I went to the gastroenterologist yesterday and while that doesn’t seem like something I would enjoy, I fully did (well because I wasn’t having the dreaded colonoscopy). You see, my doctor is seriously one of the best I have been to in my life. No wonder he made Milwaukee magazine for being one of the top gastro docs in the area last year.
I guess this post is more of a journaling one vs. one that I expect readers to get too interested in, unless you have IBD of course.
Last year, I finally decided to change doctors. I got a recommendation from a co-worker for a great gastroenterologist who tended to explain in detail everything that was going on with the body. That is exactly what I needed and wanted out of my relationship with my doctor. Especially when it comes to something so important as my digestive health.
If you haven’t found a doctor that you like yet, no matter what your health issues, switch!
My new doctor is consistent with his visits. He wasn’t just pleasant and detailed with his explanations on the first visit. He actually seems to care and shows me that by answering my questions and spending time talking to me vs. rushing me out the door.
For example, I asked him the long term effects of being on omeprazole. It is one med I am constantly reading negative things about. He laid out those negative side effects, including being more susceptible to food borne illnesses and talked about the studies he has read about osteoporosis and those who were on omeprazole. He suggested that I try to go to an acid blocker that is more mild and take notes on how I feel. So, I’ll be picking up some Zantac and Pepcid AC soon.
I hate to compare, but my old doctor and the hospital they were affiliated with had the doc sitting at a desk typing away about my condition. They rarely discussed much about changing my meds and didn’t really answer my questions the way I had hoped they would.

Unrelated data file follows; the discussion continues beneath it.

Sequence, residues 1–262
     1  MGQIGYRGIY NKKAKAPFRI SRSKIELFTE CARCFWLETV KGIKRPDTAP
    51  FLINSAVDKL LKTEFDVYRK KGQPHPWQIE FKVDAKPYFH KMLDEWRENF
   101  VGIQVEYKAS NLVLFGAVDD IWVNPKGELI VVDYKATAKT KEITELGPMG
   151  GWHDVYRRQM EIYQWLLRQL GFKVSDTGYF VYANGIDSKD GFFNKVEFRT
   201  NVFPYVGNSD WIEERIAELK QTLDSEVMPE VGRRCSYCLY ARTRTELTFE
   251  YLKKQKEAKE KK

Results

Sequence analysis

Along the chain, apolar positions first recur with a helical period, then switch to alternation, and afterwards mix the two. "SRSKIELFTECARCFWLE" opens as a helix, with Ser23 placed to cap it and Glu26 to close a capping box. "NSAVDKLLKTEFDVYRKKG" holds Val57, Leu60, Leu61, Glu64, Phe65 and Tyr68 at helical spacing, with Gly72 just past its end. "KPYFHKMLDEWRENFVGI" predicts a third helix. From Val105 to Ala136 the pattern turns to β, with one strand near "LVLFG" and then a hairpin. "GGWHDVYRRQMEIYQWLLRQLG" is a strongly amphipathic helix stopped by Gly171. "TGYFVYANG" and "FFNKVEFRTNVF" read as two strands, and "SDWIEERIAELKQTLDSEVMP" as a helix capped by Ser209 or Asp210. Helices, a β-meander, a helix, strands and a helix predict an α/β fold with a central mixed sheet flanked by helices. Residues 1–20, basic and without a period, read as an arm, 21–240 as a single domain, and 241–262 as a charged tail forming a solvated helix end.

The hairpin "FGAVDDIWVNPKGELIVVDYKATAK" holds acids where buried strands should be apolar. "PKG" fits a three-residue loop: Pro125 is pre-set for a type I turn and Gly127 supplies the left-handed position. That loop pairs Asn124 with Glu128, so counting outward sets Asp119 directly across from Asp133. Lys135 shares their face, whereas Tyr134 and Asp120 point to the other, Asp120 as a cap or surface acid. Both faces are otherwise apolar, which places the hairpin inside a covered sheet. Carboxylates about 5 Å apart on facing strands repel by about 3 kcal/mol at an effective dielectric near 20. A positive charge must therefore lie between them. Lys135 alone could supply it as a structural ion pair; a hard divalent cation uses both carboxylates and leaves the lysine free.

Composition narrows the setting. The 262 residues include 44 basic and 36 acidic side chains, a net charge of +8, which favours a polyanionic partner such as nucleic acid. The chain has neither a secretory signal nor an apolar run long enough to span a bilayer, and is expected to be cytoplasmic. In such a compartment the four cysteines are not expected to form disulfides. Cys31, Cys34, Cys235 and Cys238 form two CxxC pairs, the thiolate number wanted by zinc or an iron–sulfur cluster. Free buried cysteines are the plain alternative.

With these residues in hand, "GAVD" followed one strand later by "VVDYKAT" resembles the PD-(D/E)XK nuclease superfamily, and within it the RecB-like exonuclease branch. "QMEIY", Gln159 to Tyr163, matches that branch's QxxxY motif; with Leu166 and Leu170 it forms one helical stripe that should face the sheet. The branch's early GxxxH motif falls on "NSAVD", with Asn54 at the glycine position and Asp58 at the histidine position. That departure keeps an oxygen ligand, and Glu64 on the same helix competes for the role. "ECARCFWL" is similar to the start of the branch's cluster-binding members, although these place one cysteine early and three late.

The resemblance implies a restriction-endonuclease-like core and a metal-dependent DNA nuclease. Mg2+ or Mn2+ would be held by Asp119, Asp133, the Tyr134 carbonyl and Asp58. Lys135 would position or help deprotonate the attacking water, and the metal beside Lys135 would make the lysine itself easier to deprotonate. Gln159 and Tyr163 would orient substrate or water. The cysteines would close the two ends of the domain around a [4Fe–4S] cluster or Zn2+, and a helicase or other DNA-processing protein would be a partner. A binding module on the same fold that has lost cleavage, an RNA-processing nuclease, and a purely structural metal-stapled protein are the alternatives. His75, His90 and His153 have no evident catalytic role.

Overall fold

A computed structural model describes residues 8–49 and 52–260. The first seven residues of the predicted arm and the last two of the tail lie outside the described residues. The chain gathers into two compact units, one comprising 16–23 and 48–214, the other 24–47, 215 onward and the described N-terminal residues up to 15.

My new doc explained what he saw during my colonoscopy and EGD last fall compared to what had been seen in the past. This visual learner appreciated seeing where I had issues in the past and where there were absolutely none this time!
Here is what my doctor recommended for my condition. As he said I probably already do most of these things, which is true:
-get lots of fiber as that will keep me from getting “backed up”
-try to control my stress, as I may have IBS that is prompting cramping and bowel troubles when I get stressed
-drink lots of fluids. 6-8 servings a day, which includes things like coffee, milk, lemonade, etc.
-eat a heart healthy diet
-experiment with Miralax. In the past, I was told not to. Now, I have been doing that on my own and realizing I don’t need a full cap full of the dose every day. I can figure out what works best for me.
-lower my dosage of Asacol. I used to be on 6 pills but because my disease wasn’t active last fall, I went down to 4 and now I can go down to 3. Doc says I may not have to be on a med like Asacol for the rest of my life!
Once I got to work, I bought my lunch. I was hoping for the salad bar, but alas it wasn’t available. I had a black bean burger on whole wheat instead with a side of fruit. Gotta get that fiber in!
I started the book Living with Crohn’s and Colitis on my ride into work and found this passage, which made me think of my doc visit that morning.
So glad I found a doctor that teaches!
I am loving that book and I recommend it highly!
This morning, I got my fluids in by trying a new coffee. I received a sample of Gevalia coffee and it smelled so yummy! It tasted great too, but would have been better if I had some half and half to add to it.
Hope this post was helpful for anyone with IBD or anyone who has a loved one with it! If you live in the Milwaukee area and are looking for a good gastroenterologist, e-mail me and I’ll get you my doctor’s information!